While office is improving more slowly than other property types, vacancies are falling and will probably drop below 16 percent in 2013, says Yun. “Many cities aren’t replenishing their office inventories, which is a benefit now, but may catch up with us eventually,” says Ashley. He also notes that vacancy numbers can be deceiving. Some space is functionally unsuited to the new shared and mobile office environments most companies want today.

Limited Funds Keep Brakes on Transactions

If there is one shadow over the positive outlook for commercial real estate, it is a lack of financing, especially for transactions under $2.5 million. “The private investor is being squeezed out by the lending community,” says Orr. “FDIC regulations and Dodd-Frank are holding back credit, especially among smaller community banks,” agrees Yun.

The 2012 NAR Commercial Lending Survey found that 67 percent of commercial members had a deal fail in the last year because of financing issues. “There’s not a lot of incentive to lend on smaller deals since they require almost as much paperwork as larger transactions,” notes Wisniewski.

An exception is multifamily, “which is a regional bank business,” says Peldon. Owners of existing properties are also taking advantage of lower interest rates to refinance and increase cash flow. “Even if an owner takes no cash out, income will increase because of lower loan coasts,” says Peldon. “With the weakness in investment and national banks returning, we expect to see bank lending decline at least through 2012,” says Riggs. However, he notes, as one lending door closes, another opens including life companies, regional banks, and credit unions. “I’ve seen credit union deals as large as $7.5 million. If the loan amount is too large, several credit unions will work together,” says Foxworth. (Go to By the Numbers column in the this issue for more on lending.)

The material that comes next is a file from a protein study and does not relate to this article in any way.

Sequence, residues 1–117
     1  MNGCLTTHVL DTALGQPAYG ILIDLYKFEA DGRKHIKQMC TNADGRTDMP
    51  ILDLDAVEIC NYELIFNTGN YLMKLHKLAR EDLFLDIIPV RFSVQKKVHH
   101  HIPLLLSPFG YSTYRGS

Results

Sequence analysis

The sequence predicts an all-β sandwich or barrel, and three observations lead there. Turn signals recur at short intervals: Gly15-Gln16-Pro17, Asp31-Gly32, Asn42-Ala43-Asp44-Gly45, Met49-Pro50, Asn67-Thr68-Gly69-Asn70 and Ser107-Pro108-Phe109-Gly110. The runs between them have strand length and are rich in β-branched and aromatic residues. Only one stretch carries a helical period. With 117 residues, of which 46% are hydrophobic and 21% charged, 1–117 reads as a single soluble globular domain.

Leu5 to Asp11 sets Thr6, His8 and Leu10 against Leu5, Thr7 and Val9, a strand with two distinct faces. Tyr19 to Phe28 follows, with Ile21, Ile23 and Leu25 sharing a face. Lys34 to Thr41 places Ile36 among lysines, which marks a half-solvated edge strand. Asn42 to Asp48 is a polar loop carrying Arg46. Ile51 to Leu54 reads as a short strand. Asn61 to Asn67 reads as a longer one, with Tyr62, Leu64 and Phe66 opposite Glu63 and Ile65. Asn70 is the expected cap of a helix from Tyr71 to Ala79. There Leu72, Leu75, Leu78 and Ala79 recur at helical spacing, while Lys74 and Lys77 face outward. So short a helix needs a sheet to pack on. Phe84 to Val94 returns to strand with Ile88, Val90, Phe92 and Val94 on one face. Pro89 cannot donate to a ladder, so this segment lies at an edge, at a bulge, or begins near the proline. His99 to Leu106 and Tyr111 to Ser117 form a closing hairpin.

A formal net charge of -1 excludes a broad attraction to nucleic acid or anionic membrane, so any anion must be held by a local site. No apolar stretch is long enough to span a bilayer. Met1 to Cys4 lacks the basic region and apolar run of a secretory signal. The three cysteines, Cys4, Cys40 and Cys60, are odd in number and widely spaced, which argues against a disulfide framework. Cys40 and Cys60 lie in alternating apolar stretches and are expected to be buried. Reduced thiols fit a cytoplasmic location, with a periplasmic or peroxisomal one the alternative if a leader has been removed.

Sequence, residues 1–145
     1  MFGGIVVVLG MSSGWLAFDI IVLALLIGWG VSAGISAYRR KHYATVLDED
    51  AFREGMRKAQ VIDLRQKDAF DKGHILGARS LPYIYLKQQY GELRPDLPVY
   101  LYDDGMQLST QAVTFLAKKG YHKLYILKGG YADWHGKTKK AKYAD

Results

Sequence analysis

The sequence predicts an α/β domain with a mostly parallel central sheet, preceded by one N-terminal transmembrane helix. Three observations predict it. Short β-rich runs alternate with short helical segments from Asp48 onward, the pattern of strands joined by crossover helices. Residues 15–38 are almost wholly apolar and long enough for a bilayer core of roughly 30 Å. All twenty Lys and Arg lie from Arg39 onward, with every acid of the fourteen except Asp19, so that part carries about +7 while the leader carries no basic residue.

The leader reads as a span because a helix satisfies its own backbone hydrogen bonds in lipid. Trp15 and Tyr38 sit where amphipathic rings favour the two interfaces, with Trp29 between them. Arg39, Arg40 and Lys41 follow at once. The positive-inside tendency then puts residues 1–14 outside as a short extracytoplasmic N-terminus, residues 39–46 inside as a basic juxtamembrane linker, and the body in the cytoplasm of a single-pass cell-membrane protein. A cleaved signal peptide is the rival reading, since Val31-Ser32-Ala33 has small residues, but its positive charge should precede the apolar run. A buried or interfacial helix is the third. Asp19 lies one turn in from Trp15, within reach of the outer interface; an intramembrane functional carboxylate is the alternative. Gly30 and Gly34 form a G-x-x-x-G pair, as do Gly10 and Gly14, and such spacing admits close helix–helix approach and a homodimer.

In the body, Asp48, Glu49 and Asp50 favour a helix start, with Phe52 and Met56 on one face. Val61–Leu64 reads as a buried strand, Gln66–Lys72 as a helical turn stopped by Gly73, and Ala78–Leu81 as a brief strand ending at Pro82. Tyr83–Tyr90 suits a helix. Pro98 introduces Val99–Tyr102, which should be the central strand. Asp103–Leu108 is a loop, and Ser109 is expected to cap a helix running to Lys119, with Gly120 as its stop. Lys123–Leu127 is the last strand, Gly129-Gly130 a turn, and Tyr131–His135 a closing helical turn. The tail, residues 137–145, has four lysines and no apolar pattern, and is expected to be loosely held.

A Brighter, If Not Brilliant, Future

While the recovery may still be bumpy in the next 18 months, most commercial real estate practitioners expect 2013 to be a good year for business. “Once we get through the election and have a sense of direction, companies that are sitting on cash will be more willing to take additional space,” predicts Foxworth.

“The industry is still operating from a position of fear, but when the pendulum swings toward hope — as I think it will later in 2013 — we’ll see a more robust recovery for commercial real estate,” concludes Ashley.


Commercial Outlook by Property Type

(as of May 2012)

  2011 2012 2013
MULTIFAMILY
Vacancy
Completions (units)
Rent
5.2%
37,678
2.2%
4.4%
82,492
4.0%
4.3%
156,643
4.1%
OFFICE
Vacancy
Completions (00,000s sq. ft.)
Rent
16.6%
12.3
1.6%
16.2%
16.2
2.0%
15.8%
30.9
2.5%
RETAIL
Vacancy
Completions
Rent
12.5%
4.9
–0.2%
11.2%
6.0
0.8%
10.7%
16.9
1.3%